Is the SEC’s lawsuit against Binance a “business”? A closer look at the differences between Hong Kong’s SFC and the US SEC

Author: 0xLoki Translation: DeFi Dao

The key to this question is that we cannot simply look at what they say (organizational goals), we also need to look at what they do (actual behavior). There is a simple way to answer this question: understand the business and personnel structure of the SEC and SFC.

First, let’s take a look at the SEC’s architecture. At the top is a committee consisting of a chairman and four commissioners, with six departments, one inspector general’s office, and 11 offices below. In addition, there are 11 regional offices that need to report to both the Enforcement and Examinations departments at the same time.

From the organizational structure, we can see that the Enforcement and Examinations departments seem to be the most important in all departments. In the descriptions of the various departments later on, we can also see that the Enforcement and Examinations departments are also ranked first and second.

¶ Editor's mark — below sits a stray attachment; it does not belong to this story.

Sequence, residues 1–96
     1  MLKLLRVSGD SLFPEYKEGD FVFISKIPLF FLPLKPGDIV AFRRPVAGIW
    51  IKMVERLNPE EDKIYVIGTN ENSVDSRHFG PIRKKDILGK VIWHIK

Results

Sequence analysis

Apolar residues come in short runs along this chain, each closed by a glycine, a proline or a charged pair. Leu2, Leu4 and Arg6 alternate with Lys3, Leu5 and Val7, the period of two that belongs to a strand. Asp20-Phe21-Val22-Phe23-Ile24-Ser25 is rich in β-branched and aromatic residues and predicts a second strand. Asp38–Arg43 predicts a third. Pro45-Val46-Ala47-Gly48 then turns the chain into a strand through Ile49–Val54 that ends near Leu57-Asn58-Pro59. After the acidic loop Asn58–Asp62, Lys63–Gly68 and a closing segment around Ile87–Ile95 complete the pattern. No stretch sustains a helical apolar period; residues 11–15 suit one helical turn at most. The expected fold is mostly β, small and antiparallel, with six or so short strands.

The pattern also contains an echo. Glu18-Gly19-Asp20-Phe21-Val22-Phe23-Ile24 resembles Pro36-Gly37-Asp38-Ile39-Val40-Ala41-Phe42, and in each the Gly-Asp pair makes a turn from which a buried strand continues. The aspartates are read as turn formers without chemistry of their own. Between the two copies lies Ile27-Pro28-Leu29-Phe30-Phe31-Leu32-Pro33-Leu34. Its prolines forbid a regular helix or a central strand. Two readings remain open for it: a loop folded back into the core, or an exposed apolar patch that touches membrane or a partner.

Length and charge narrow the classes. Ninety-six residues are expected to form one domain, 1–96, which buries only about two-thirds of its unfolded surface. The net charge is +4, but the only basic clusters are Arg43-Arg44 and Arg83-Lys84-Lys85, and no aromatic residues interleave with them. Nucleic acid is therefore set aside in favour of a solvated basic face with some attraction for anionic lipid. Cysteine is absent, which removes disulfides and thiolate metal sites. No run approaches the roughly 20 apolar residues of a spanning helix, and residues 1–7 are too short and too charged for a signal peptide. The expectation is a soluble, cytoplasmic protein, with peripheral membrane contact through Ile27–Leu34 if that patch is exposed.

In addition, there is even more persuasive data: financial information. SEC’s funding comes from roughly three sources:

1) Fiscal budget;

2) Securities transaction fees and application fees;

3) Forfeitures.

Among them, forfeitures are divided into two categories: A. Those that require compensation to victims, where forfeitures will be used to compensate victims and be injected into the US Treasury’s General Fund. B. Those that do not require compensation to victims, where forfeitures will be allocated to the Investor Protection Fund, whistleblowers (providers of investigation clues), and to fund investigations by the Inspector General’s Office.

Next, let’s take a look at SEC’s balance sheet. According to the 2022 annual report, SEC’s total assets increased from $12.2 billion to $14.1 billion, an increase of $1.9 billion. Investments increased by $400 million, while accounts receivable increased by $1.5 billion, most of which are from forfeitures, with investment expenses already deducted from the regulatory process.

In addition to forfeitures, the OMB allocated a reserve budget of $50 million to the SEC in 2022, an investor protection fund budget of $390 million; SEC transaction fees of approximately $1.8 billion; and application fees of $640 million. It can be seen that forfeitures have become a “pillar revenue.”